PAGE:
During my senior year in college, my sister Jen and I planned a trip. We traveled many times together (to places like China, Brazil, Argentina, and Scandinavia), but for this trip we had our sites set on Greece. Together we planned a ten day journey that included a few requisite sightseeing days in Athens followed by ferries to the islands of Santorini and Mykonos, where hotels boasting cliffside pools and relaxing terraces awaited us.
On the day of our departure, just after my college graduation, I got a stressful call from Jen. She was flying from Denver (and I from St. Louis), and we were set to meet in New York before flying into Athens together. Her morning departure had been cancelled, however, due to mechanical problems with the plane. The airline couldn’t get her on another flight to New York that would arrive in time for our flight to Athens, which departed 8 hours later. While I was en route to the St. Louis airport from Columbia, Missouri (about 2 hours away), I frantically called travel agents and airline helplines to try and sort out the situation. She furiously fought with the ground crew at the airport, trying to get on any flight on any airline that would get her to New York in time. Despite both of our best efforts, we could not get her on a flight in time to make our connection.
The airline’s best advice was to send my sister two days later on the next available flight, meaning she would arrive in Athens just as we should have been departing for Santorini. (I, on the other hand, would have to continue on our itinerary as planned because my flight schedule was still intact and the airline was not responsible for rebooking me. The idea of touring around Athens alone for 2-3 days was not appealing.) But our hotels had been pre-paid and her vacation days had been pre-booked, and we could not change our plans so last minute.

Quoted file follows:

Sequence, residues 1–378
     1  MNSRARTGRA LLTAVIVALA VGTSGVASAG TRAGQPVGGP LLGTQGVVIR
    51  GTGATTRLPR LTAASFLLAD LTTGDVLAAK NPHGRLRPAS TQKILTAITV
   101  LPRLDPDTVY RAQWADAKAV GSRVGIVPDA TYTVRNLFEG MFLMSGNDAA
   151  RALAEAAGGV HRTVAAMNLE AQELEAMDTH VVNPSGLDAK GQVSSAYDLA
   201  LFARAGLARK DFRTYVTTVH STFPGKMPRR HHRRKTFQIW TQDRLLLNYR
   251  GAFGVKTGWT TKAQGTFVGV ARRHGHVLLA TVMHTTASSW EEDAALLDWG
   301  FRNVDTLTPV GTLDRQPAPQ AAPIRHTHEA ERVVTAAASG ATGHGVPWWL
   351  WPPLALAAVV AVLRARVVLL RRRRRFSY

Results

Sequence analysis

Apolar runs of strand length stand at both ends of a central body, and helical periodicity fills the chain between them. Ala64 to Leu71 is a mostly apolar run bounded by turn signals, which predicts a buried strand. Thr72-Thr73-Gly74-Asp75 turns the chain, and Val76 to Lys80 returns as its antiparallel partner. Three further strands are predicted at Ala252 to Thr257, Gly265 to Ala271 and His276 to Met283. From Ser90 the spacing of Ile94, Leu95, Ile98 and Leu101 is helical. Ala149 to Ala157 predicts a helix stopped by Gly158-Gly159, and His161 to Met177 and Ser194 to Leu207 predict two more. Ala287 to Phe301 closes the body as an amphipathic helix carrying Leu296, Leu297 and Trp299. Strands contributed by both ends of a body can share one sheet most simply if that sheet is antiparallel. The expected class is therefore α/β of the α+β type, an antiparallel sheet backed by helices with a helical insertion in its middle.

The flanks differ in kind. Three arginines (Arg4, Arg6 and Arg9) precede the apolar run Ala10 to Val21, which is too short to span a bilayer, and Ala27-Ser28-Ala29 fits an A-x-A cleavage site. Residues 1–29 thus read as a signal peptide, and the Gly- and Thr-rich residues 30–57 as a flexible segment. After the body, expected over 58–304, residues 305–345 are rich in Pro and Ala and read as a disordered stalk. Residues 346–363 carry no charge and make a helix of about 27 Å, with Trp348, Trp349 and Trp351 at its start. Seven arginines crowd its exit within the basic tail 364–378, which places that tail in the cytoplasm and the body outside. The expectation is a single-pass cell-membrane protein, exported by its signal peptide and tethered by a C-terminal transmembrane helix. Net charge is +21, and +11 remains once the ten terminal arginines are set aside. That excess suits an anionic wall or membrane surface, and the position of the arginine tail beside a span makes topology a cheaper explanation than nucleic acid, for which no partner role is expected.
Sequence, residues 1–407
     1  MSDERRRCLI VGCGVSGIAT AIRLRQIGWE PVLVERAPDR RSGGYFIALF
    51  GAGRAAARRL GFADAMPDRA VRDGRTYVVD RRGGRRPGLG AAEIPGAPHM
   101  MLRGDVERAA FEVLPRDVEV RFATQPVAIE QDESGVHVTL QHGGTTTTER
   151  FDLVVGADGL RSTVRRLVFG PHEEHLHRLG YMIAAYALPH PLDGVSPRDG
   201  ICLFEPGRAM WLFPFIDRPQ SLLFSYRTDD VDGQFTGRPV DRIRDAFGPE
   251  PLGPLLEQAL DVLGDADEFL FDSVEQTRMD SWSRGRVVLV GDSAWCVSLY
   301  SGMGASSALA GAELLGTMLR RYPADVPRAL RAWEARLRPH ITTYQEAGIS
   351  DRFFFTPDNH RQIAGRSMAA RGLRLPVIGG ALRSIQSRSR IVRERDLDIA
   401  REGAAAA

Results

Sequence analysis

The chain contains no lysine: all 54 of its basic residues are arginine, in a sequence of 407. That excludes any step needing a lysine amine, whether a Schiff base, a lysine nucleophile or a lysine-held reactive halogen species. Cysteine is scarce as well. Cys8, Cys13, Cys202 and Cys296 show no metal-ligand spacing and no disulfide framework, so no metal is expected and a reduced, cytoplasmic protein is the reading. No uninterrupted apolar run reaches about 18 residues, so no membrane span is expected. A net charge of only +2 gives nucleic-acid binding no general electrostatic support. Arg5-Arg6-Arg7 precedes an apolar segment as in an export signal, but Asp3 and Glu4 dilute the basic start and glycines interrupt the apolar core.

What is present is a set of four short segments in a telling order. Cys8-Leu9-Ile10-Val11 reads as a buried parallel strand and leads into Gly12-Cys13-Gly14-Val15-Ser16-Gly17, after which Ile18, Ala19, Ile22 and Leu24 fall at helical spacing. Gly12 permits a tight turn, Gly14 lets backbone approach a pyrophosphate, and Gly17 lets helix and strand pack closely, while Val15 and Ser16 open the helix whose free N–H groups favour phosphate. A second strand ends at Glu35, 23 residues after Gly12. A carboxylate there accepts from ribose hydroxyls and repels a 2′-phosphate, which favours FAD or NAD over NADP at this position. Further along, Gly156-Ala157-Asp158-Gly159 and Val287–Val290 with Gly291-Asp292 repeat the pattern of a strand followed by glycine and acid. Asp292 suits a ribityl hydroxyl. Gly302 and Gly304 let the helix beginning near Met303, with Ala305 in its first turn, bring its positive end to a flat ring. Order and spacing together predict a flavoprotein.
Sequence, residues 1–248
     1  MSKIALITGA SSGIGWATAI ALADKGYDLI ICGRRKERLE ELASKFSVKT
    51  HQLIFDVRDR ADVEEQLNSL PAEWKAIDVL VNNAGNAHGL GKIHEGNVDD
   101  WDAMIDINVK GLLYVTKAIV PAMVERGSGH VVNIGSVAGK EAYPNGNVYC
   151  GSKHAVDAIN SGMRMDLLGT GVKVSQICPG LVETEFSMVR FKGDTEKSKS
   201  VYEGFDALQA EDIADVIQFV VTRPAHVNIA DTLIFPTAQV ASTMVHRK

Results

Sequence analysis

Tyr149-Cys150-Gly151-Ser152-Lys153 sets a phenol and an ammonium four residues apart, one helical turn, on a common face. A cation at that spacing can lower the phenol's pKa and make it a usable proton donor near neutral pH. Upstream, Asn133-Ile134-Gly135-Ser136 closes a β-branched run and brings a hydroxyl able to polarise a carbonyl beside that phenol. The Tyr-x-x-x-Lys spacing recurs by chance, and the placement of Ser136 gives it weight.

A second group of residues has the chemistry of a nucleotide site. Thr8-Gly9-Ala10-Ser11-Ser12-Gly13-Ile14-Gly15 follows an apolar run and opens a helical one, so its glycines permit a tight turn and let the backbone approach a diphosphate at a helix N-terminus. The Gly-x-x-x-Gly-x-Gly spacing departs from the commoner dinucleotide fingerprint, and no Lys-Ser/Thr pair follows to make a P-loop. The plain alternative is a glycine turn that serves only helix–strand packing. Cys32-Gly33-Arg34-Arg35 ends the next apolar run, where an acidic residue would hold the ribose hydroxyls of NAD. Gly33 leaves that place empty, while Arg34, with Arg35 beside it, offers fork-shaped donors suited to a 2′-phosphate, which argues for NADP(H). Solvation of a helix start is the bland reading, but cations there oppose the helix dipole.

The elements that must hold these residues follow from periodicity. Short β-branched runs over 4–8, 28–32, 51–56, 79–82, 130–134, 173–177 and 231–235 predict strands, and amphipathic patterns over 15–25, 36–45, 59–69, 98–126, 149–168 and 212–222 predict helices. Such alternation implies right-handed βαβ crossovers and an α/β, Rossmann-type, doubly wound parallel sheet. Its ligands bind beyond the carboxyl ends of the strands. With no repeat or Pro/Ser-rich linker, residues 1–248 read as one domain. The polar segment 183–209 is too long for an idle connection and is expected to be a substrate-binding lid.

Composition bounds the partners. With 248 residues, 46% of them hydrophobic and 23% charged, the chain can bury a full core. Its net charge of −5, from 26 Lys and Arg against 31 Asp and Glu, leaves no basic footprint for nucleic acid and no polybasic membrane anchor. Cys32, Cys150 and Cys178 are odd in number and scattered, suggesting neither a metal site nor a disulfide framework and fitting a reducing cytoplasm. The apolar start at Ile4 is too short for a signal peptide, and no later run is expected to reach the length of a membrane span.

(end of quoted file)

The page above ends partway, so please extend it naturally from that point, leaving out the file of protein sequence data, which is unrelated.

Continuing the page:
With heavy hearts, we decided this trip was not to be. Before I had even made it to the airport, I called our travel insurance company and cancelled our trip for a full refund. Jen, who is highly skilled at getting what she wants from Customer Service Representatives, rose hell at the airline counter at DIA and had the money for both of our tickets refunded on the spot (which the travel insurance people later told us never happens), and later wrote a scathing letter that prompted the airline to send us each $300 flight vouchers. Even with the full refund, however, we were both sorely disappointed that such a small setback cost us our Greek vacation.
Ever since that ill-fated trip, both Jen and I have felt a little bitter toward Greece – it’s the one that got away. Jen put that bitterness aside last year when she and her husband visited Santorini as part of their honeymoon. I finally made peace with Greece when we arrived in Crete last week. Above is the view from the rooftop of our apartment building in Crete. With views like that, it’s hard to harbor any bitterness towards this country. I may be 8 years late, but I’ve finally made it.
Now if you’ll please excuse me, its time for me to go eat a boatload of Greek Salad.